Book Review: Truth's Victory Over Error
A reprint of David Dickson’s commentary on the Westminster Confession of Faith (WCF).
Hardcover, 219 pages; AUS$28.00 (Dec 2002)
Published by Presbyterian’s Armoury Publications
PO Box 37 Legana Tas. 7277 Australia.
“Truth’s Victory Over Error” is David Dickson’s commentary on the Westminster Confession of Faith (WCF). David Dickson lived from 1583 to 1663, and was, as most will be aware, a Scottish minister and theologian. His life spanned the meeting of the Westminster Assembly, and it reception by the Church of Scotland, and he co-authored (together with James Durham) “The Sum Of Saving Knowledge” which is found in the back of the Free Presbyterian publication of the WCF most of us use.
Dickson’s commentary on the confession is the fruit of his lectures to students for the ministry, as Professor of Divinity at Glasgow and later Edinburgh. This book has the distinction of being the first commentary on the Confession. This fact gives it a special significance for us, for it represents the instruction on confessional Presbyterianism in its clear and undiluted integrity. As such this book is a must for all the office-bearers and serious minded members of the EPC, for we are vitally concerned with being faithful to the heritage the Lord has given us.
Dickson’s method of teaching is catechetical. He works through the Confession article by article in question and answer form, giving Scripture proof for the confessional statement which he affirms. He then names and exposes the errors that have arisen against each particular doctrine, and proceeds to give the reasons by which they are proved to be false. Let me demonstrate this by way of an example from chapter 3 of the Confession on “The Decree Of God.” Dickson reasons thus:
Question 1. Did God from all eternity, by the most holy and wise counsel of his will, freely and unchangeably ordain whatsoever comes to pass?
Yes; Eph.1:11, Rom. 11:33; Heb. 6:17; Rom. 9:15,18.
Well then, do not the Socinians, Arminians, and Jesuits err, who maintain, The things which come to pass in time, do fall out and come to pass without the decree of God?
By what reasons are they confuted?
1st, From the knowledge of God, whereby, from all eternity, he hath known all things, infallibly, which come to pass or shall be in time, Acts 15:18, John 21:17; Heb. 4:13. But all things which come to pass in time could not have been infallibly known form eternity, but in the decree of his divine will. 2nd, From God’s natural way of working in time, 1 Cor. 12:6; Rom. 11:36. Whence it is evident that God worketh effectually and immediately, in time, all things which are done. But he worketh by his will those things which he will have to be in time (after that manner, and in that time, how, and when they come to pass), Ps.115:3. But that act of willing cannot happen to God in time, but hath been in him from all eternity, because God is unchangeable, James 1:17. 3rd, By enumerating several instances concerning which Scripture affirms particularly, that they have been decreed of God; as the sufferings and death of Christ, Acts 2:23; the glory of those that are to be saved, Eph. 1:4,5; 1Thess. 5:9; and the fore-ordaining of the rest to damnation to be punished for their sin, Jude ver. 4,5. The like may be said of other things which come to pass in time. See Ps. 33:11, and Ps. 115:3, Isa. 46:10, Prov. 19:21. That the liberty and freedom of the will, and contingency of events, is consistent with the decree, is clear from Acts 2:23, 3:17,18; and 4:27,28; Gen. 45:5 (p.20).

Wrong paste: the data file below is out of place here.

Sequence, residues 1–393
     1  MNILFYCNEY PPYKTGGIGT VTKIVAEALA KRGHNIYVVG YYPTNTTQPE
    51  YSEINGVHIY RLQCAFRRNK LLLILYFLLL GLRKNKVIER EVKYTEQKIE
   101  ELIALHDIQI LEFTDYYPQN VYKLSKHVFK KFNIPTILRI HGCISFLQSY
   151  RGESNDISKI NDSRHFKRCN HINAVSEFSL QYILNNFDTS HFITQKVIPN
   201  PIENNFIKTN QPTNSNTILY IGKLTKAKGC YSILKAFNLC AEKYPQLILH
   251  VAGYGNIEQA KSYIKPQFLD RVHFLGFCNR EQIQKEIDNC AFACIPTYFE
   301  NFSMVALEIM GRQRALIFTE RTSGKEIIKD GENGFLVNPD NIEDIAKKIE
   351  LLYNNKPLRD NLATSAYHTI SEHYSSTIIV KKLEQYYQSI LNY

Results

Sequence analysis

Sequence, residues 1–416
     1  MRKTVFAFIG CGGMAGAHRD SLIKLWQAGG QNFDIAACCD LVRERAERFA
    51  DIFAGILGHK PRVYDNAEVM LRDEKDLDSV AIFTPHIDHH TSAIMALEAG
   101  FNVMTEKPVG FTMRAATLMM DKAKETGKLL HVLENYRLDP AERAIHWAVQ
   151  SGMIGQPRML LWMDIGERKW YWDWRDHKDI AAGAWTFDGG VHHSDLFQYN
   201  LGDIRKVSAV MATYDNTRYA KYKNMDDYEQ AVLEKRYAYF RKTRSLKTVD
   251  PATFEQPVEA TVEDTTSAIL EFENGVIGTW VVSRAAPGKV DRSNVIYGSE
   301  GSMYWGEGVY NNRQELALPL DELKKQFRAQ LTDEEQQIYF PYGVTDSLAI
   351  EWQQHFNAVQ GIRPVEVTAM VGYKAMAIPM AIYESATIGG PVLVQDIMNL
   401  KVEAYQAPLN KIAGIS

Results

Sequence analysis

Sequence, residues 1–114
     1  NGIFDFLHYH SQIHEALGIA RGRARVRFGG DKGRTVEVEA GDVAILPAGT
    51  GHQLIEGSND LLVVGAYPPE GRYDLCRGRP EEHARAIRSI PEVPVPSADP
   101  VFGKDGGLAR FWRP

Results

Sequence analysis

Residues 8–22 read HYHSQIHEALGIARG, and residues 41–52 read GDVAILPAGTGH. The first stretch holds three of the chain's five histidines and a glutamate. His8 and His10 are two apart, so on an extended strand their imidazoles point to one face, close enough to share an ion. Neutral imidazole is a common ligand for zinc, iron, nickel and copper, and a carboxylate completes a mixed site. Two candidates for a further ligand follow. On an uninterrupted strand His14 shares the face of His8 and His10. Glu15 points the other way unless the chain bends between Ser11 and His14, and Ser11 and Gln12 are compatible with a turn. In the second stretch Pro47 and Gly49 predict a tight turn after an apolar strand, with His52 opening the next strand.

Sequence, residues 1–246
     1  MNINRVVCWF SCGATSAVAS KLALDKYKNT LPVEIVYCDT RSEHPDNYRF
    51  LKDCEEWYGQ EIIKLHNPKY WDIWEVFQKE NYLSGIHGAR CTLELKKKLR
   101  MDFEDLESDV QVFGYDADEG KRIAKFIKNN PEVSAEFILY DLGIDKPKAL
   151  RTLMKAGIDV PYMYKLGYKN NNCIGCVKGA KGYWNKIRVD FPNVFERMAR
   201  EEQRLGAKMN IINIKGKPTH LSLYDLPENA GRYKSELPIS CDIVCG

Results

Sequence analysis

Dickson (and undiluted Presbyterianism) would likely be branded as a “hyper-Calvinist” if he lived today! He writes:
Note, that the cause of this reprobation is not man’s sin, but the absolute will and good pleasure of God. Man’s sin indeed is the cause why God will punish, but no occasion why he did ordain to pass by or to punish man. This decree is just, because God has power over man, as the potter hath power over the clay. Neither is the end of this decree the condemnation of the creature, but the manifestation of God’s justice. Lastly, sin is the effect of man’s free-will, and condemnation is the effect of justice, but the decree of God is the cause of neither (p.22).
If there was one less than satisfying aspect of Dickson’s treatment it was the brevity of his dealing with chapter seven of the Confession – “God’s Covenant with Man.” The material that is covered is excellent and very helpful for our defence of God’s one everlasting covenant over against modern dispensationalism, but the absence of a treatment of the covenant of works and the covenant of grace’s free offer is disappointing.
The publisher has included a complete glossary of the heresies Dickson refutes so that one need not be a master of the history of doctrine to read this work with understanding and profit. Consequently, this book will, as a bonus, broaden the reader’s knowledge of the history of doctrine and the antithetical nature of God’s truth over against error and heresy.
It occurs to me that this book would make a fine study guide on the Confession, and an excellent text that could be used to standardise the pre-confession instruction provided in EPC congregations.
This book certainly deserves a distinguished place in all our libraries and homes.
We thank Matthew and Presbyterian’s Armoury Publications for making this important volume available to the church world again.
Reviewed by Rev C J Connors.